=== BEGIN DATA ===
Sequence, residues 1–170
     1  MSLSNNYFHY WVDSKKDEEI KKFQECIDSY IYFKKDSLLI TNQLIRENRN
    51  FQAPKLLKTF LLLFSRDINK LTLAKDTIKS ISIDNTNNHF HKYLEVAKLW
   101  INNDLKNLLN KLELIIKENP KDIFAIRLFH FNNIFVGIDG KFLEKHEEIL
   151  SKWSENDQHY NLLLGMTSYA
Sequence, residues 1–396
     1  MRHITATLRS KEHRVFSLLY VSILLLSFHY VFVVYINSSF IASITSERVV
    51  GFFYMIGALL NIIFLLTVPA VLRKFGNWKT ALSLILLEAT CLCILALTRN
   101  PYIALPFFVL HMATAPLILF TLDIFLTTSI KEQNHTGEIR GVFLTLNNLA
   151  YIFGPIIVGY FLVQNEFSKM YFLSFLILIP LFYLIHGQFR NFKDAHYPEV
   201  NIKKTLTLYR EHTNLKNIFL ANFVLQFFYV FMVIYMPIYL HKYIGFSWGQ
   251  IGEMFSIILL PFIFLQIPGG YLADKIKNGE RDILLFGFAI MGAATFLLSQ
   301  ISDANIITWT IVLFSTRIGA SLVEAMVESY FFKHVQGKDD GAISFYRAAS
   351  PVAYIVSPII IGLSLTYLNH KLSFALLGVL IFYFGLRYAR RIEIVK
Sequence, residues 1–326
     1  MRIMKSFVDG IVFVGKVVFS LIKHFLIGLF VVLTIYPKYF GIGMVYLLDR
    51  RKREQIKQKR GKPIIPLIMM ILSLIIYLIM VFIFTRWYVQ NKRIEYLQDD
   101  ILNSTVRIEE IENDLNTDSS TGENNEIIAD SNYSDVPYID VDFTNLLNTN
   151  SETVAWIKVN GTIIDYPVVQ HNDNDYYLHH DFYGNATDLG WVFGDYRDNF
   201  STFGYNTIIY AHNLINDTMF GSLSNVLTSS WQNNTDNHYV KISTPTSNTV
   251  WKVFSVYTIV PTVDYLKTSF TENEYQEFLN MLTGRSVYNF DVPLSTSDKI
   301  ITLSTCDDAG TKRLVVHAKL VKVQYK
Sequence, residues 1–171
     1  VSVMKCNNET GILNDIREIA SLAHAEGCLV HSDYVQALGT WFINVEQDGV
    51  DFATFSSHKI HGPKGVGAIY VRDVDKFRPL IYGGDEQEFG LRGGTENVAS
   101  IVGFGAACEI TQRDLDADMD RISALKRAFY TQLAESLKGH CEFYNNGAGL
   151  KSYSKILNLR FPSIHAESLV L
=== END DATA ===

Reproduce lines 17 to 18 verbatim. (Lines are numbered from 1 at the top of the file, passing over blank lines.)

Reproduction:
    51  RKREQIKQKR GKPIIPLIMM ILSLIIYLIM VFIFTRWYVQ NKRIEYLQDD
   101  ILNSTVRIEE IENDLNTDSS TGENNEIIAD SNYSDVPYID VDFTNLLNTN